Regardless of how the 28 pages saga unfolds in the coming months, Saudi-US ties appear to be undergoing a change. Blind protection of Saudi interests by the US Congress or the White House may be more difficult to come by in the future. The stand adopted by Obama on the Iran nuclear deal , which incensed Saudi rulers, is an indication that the US leadership no longer interprets threats and dangers in West Asia through Saudi lenses. In a recent interview with The Atlantic Obama rejected the idea that Iran is the source of all the problems of West Asia.

Less dependence upon Saudi oil may have contributed to this change on the part of the US leadership. There may be two other more compelling reasons. Saudi association with terrorism and its hidebound conservatism,widely discussed more in the Euopean than the US media — has had some impact upon US elite thinking. The US, it seems, does not want to be weighed down by the Saudi baggage. Equally important, some US foreign policy analysts realize that the pattern of power in West Asia and North Africa (WANA) is changing and Iran is emerging as an influential actor with a decisive role in not only Syria and Iraq but also in Lebanon, Yemen and Bahrain, among other states. It makes some sense for a hegemonic power operating in WANA to adjust to this reality.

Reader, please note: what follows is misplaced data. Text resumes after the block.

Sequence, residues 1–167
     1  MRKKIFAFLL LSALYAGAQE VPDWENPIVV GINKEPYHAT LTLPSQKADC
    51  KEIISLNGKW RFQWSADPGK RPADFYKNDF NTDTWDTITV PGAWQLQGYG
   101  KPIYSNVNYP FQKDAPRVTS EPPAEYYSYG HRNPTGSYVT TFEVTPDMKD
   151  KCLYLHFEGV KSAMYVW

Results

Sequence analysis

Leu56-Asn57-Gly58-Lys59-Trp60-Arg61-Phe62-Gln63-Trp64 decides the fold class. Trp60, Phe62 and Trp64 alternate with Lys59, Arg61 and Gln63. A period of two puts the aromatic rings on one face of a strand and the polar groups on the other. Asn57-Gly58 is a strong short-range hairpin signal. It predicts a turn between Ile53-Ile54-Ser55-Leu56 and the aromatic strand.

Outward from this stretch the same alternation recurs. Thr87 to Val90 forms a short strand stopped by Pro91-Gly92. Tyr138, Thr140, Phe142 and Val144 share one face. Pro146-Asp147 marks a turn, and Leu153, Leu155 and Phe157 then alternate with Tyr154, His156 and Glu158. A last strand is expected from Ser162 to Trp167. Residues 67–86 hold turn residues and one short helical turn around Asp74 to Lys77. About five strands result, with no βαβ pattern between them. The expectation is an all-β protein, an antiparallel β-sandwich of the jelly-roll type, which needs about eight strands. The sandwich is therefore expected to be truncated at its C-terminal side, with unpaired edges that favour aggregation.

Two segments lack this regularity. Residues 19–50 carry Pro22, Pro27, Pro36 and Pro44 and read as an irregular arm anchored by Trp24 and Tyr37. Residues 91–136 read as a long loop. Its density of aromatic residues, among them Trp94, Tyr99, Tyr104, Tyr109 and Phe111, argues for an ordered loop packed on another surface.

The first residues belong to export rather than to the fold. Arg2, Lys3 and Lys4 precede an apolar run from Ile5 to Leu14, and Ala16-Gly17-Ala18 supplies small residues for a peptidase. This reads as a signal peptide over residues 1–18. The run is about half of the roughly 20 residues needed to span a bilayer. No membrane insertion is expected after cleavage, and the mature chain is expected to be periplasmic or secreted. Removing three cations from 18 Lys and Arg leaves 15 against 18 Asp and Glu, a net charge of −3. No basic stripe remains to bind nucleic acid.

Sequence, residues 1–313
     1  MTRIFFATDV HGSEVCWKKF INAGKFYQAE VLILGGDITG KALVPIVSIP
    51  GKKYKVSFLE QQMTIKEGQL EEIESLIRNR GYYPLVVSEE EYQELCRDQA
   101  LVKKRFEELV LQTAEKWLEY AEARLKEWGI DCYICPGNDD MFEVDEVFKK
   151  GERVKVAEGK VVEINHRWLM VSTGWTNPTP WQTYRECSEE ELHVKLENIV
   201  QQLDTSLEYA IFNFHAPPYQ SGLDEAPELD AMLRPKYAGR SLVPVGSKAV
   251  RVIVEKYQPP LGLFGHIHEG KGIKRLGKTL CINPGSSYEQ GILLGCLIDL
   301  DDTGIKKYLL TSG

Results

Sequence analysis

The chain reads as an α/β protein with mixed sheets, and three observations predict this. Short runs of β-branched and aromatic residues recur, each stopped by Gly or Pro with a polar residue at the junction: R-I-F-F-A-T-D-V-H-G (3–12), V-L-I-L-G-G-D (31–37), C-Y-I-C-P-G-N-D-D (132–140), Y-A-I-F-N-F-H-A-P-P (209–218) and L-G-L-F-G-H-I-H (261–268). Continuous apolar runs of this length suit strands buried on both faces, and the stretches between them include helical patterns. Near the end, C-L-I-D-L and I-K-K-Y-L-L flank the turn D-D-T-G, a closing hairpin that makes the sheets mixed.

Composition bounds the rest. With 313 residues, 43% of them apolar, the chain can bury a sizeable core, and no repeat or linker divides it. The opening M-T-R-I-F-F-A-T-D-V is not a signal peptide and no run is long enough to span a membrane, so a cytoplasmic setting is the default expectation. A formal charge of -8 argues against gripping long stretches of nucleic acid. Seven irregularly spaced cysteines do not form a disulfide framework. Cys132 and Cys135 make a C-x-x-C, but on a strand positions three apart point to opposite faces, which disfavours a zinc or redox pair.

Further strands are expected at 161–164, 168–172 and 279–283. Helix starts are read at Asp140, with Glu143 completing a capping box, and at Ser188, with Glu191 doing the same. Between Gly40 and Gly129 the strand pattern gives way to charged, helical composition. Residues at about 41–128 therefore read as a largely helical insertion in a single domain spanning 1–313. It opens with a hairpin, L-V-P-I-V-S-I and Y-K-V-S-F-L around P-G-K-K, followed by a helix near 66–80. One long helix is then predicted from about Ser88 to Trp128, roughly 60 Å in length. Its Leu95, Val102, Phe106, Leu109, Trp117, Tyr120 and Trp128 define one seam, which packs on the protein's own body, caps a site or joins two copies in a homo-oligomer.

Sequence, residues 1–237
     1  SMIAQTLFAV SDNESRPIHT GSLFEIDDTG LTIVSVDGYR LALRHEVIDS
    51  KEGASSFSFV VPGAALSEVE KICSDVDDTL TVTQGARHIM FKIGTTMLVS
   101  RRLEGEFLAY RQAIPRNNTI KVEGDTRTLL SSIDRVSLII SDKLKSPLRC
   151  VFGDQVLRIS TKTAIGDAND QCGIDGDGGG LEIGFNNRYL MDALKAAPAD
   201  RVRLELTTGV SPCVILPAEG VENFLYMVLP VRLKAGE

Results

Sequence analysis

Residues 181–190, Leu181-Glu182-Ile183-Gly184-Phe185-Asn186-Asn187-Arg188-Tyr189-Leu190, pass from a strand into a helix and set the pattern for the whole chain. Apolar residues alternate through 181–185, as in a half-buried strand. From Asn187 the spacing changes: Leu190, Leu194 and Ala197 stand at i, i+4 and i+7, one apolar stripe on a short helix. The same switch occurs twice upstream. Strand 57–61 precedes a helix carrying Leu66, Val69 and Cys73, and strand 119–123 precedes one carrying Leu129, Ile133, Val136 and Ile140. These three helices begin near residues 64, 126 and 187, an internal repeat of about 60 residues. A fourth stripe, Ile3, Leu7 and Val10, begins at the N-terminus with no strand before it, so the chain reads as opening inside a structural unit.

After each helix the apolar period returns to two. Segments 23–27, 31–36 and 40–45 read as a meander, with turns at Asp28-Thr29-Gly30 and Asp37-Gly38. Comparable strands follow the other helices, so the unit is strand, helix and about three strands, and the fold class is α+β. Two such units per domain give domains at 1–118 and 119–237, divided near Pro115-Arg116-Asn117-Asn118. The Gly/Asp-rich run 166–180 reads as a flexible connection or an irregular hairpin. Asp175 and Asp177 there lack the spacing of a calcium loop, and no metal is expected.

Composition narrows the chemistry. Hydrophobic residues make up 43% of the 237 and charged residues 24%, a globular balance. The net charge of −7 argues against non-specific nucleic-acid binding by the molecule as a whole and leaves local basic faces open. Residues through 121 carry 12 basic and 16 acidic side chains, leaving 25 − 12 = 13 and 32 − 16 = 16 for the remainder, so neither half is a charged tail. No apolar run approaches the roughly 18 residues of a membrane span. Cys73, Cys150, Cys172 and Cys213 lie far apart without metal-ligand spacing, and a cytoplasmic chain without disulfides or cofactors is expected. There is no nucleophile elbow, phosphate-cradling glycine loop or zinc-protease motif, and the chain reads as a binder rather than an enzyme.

Nonetheless, the US –Saudi bond will remain for a long time to come. Saudi Arabia purchases arms on a massive scale from Western powers and counts upon the aura of their military prowess to preserve the House of Saud. The US, on the other hand, views its special relationship with Riyadh as a sort of insurance for the “ security” of Israel. And the security of that state is paramount to Washington as it is to London and Paris.

But then is a reset also in the offing in the relations between certain Western powers and Israel? That is a subject for a different occasion.

(Dr. Chandra Muzaffar is President of the International Movement for a Just World (JUST


About Author

Saud Al-Sharafat ,Phd Dr. Al-Sharafat is a Brigadier-General (Ret), Jordanian General Intelligence Directorate (GID). Member of the National Policy Council (NPC), Jordan, 2012-2015. The founder and director of the Shorufat Center for Globalization and Terrorism Studies, Amman. His research interests focus on globalization, terrorism, Intelligence Analysis, Securitization, and Jordanian affairs. Among his publications: Haris al-nahir: istoriography al-irhab fi al-Urdunn khelall 1921-2020} {Arabic} {The River Guardian: the historiography of terrorism in Jordan during 1921-2020}, Ministry of Culture, Jordan, (2021). Jordan, (chapter)in the Handbook of Terrorism in the Middle East, Insurgency and Terrorism Series, Gunaratna, R. (Ed.), World Scientific Publishing, August 2022, 47-63 Chapter” Securitization of the Coronavirus Crisis in Jordan, “Aslam, M.M., & Gunaratna, R. (Eds.). (2022). COVID-19 in South, West, and Southeast Asia: Risk and Response in the Early Phase (1st ed.). Routledge.